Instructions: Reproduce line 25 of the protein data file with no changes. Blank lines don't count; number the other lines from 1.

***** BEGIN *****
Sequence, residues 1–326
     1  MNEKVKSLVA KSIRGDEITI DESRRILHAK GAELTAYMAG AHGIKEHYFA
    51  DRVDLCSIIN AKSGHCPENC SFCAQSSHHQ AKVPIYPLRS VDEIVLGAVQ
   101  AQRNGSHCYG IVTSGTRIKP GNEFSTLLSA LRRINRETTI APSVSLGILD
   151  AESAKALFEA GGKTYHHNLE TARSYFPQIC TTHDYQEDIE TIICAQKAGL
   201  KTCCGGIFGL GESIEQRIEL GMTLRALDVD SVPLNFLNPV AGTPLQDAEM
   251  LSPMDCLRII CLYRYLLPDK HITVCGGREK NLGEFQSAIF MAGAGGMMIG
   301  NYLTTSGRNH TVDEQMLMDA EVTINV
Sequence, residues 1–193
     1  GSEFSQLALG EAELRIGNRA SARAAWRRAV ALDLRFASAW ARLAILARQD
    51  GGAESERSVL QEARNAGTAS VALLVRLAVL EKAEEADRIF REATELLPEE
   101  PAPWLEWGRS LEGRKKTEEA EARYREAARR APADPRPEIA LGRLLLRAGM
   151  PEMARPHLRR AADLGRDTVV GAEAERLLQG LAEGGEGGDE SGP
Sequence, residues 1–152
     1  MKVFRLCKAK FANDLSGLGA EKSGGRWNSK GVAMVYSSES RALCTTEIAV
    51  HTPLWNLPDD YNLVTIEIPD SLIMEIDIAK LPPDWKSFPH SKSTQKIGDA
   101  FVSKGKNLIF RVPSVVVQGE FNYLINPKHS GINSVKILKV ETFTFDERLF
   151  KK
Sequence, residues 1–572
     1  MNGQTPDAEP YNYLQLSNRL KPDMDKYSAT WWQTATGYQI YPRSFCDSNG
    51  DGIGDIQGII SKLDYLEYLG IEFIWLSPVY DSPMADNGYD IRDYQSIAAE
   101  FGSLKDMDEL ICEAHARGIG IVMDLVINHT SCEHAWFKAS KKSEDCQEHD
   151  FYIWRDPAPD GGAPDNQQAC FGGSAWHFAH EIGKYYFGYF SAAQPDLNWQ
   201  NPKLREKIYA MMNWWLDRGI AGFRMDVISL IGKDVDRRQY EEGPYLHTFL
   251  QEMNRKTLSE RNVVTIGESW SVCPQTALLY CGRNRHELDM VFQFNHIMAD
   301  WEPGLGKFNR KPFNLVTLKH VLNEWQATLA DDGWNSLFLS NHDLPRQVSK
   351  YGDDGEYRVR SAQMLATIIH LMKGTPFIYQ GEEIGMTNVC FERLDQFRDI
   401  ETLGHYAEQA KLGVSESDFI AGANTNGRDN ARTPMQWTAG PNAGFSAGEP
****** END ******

   251  QEMNRKTLSE RNVVTIGESW SVCPQTALLY CGRNRHELDM VFQFNHIMAD